Just lovely. Tan's subtly shaded pencil art reminds me of Chris Van Allsburg's, as does the whimsical feel of discovering the story. It's a picture boJust lovely. Tan's subtly shaded pencil art reminds me of Chris Van Allsburg's, as does the whimsical feel of discovering the story. It's a picture book for grown-ups, though, as one slowly realizes that Tan is recreating the immigrant experience for all readers, regardless of their language or culture, through his strange, wonderful and utterly alien world. The beautiful, mysterious intricacy of his creation is so engaging I want ten more books on it, except that would destroy the frail magic of the fact that the reader must view it with enchanted uncomprehension. The vital thread in the story is that people are people, and that even a lost immigrant can find something familiar in the great, confusing metropolis. Highly recommended....more
Like the last couple of books, it feels like two totally different stories were put into one book and it's a bit disjointed. I really love the overallLike the last couple of books, it feels like two totally different stories were put into one book and it's a bit disjointed. I really love the overall story and the characters, though, and there were some original elements here with the African setting. I just have a sort of irrational wish that she would have slowed down and put all her Temeraire stories into one or two books, condensing and streamlining them a little, instead of spacing them out (but apparently rushing through the writing) and letting them wander....more
I was desperate for another look at the world of the Old Kingdom, and the primary novella in the story, "Nick and the Creature in the Case," was greatI was desperate for another look at the world of the Old Kingdom, and the primary novella in the story, "Nick and the Creature in the Case," was great... but sadly, only a novella, and it ends just it feels like the story is warming up. The other short stories in the book were enjoyable too, but it's really just a solid fantasy collection....more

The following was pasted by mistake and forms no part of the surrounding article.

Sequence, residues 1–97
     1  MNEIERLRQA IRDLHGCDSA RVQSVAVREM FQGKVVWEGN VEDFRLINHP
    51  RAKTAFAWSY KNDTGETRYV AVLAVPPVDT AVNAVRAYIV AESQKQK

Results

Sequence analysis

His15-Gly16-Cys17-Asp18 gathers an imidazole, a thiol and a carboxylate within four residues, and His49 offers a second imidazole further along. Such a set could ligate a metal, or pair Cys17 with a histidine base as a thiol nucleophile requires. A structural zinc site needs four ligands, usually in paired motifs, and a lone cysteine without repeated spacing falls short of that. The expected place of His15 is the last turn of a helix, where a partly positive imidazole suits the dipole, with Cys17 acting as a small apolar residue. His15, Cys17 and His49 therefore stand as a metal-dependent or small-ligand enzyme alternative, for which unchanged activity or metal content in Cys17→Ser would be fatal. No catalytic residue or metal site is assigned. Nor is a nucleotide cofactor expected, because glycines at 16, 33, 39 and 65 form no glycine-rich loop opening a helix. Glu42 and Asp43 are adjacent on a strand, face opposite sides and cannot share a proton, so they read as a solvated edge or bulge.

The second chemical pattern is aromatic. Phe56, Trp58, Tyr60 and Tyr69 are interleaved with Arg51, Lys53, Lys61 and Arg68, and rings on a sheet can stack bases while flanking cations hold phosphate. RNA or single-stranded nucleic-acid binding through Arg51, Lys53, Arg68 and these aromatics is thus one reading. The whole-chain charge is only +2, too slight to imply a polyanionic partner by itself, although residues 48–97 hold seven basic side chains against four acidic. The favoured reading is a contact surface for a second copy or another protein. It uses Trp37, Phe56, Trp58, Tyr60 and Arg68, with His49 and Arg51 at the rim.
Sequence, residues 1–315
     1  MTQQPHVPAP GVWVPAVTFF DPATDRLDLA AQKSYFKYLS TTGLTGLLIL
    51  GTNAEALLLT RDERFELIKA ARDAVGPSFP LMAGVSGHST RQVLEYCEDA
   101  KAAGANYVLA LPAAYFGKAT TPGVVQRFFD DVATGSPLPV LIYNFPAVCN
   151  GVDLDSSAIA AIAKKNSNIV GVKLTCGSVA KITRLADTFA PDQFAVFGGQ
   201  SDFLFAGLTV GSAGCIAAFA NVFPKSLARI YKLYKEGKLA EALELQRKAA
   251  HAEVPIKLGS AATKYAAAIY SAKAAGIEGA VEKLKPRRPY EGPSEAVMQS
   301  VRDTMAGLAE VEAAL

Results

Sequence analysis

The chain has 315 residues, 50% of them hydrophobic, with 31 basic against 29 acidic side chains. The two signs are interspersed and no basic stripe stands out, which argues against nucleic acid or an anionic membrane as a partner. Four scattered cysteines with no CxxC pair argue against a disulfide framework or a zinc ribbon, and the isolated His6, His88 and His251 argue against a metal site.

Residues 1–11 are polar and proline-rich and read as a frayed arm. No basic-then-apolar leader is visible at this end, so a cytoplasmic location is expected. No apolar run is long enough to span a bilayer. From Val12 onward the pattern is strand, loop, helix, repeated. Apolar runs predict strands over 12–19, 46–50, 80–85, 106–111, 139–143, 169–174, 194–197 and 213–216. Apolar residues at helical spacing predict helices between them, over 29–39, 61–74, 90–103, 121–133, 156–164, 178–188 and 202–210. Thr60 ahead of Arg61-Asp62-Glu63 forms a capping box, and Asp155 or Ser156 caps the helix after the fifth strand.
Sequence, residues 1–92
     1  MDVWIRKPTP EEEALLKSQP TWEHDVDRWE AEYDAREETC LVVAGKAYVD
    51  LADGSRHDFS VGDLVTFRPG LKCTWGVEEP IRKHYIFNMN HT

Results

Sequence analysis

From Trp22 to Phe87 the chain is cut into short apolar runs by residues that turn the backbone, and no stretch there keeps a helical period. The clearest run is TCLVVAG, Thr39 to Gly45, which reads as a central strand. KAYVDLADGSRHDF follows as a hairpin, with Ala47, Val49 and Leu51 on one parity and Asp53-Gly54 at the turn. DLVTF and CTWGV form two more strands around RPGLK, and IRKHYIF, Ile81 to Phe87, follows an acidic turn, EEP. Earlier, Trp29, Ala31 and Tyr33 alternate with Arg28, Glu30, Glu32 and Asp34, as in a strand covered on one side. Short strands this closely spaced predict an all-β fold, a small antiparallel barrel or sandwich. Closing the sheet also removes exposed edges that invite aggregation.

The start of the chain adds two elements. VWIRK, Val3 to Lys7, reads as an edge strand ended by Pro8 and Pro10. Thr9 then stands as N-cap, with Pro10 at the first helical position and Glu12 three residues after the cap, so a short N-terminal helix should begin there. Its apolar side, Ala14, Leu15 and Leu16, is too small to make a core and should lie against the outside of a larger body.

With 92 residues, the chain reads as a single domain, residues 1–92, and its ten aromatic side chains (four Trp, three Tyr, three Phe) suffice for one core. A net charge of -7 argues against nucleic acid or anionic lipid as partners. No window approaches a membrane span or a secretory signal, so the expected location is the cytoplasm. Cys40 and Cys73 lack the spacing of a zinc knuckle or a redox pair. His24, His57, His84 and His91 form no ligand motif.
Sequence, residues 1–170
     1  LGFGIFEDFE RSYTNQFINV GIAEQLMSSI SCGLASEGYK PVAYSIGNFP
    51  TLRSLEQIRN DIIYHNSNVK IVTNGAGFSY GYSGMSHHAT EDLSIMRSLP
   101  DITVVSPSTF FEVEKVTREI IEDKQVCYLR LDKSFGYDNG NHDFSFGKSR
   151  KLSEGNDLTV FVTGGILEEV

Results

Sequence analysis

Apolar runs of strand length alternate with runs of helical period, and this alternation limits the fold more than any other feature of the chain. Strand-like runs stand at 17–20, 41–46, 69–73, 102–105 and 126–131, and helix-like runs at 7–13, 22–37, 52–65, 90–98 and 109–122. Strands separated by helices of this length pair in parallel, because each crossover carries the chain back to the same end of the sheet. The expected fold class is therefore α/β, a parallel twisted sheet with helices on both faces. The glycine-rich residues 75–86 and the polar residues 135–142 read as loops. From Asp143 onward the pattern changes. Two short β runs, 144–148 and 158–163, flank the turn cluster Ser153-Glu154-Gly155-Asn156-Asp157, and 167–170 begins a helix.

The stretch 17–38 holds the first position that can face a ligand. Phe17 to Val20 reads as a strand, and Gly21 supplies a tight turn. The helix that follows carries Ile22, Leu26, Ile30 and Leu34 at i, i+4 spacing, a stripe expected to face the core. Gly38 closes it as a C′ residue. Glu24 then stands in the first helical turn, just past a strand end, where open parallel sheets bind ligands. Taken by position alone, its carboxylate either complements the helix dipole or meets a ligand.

I really like McKillip, but her books can be wildly uneven. This is one of her better ones, especially because the magic is a little more concrete andI really like McKillip, but her books can be wildly uneven. This is one of her better ones, especially because the magic is a little more concrete and there's at least less of the really opaque, symbolic, poetical wanderings in which her stories often get bogged down. There's a mystery that unfolds in an intriguing fashion, neat parallel stories, and characters that keep you interested. As usual, her stories are such delicately lovely things that it's better not to explain too much, but I will say that this is the first one of hers I've read since perhaps The Forgotten Beasts of Eld where I didn't have to stop and reread the first four pages again once I figured out what the hell was going on....more
This is a step away from Coupland's usual; there's the same piercing prose, the same uncanny finger on the heart of modern life, the same engrossing cThis is a step away from Coupland's usual; there's the same piercing prose, the same uncanny finger on the heart of modern life, the same engrossing characters, but the language has been stripped down to essentials. While I've always loved his dense, allusion-filled writing, it's equally enjoyable to see him strive for a cleaner style. The narrator is Liz Dunn, a pragmatic, sharp-tongued, utterly lonely woman who receives a phonecall which, for a little while, changes everything. The beauty in this story is getting into Liz's head, and experiencing it the way she does; there are hints of the mystical, supernatural themes which often appear in Coupland's work, but it's less literal this time around and more aspirational. As usual, his greatest strength is in creating round and engaging characters who both entertain with wit and pull the reader in with their very real sense of isolation. Highly recommended....more
I loved Gibson's Neuromancer and I liked Stephenson's Snow Crash, and this is basically the same thing for the current generation except it leans a lI loved Gibson's Neuromancer and I liked Stephenson's Snow Crash, and this is basically the same thing for the current generation except it leans a little more towards the techno-thriller side, like Michael Crichton if he were actually a good writer and knew more about his subject than what he'd just dug up via research. Vinge is a mathematician and computer scientist, so his vision of 2025 rings a helluva lot more true than many others.
The major drawbacks to this book are a lopsided plot (the kind that starts off big and then the author seems to realize they've bitten off more than they can chew) and broadly-drawn characters (though he earns back major points for the fact that only two of them are white, and none of the major characters are). Those are literary complaints; from a SF worldbuilding POV it's entirely satisfactory.
Robert Gu, genius poet, wakes up from a decade of Alzheimer's to find himself restored to the peak of youth in a world gone completely digital. This allows Vinge to explain a lot of things to us via Robert, but because the story is intercut with a number of POVs he also does my favorite kind of speculative writing, forcing the reader to understand everything in context.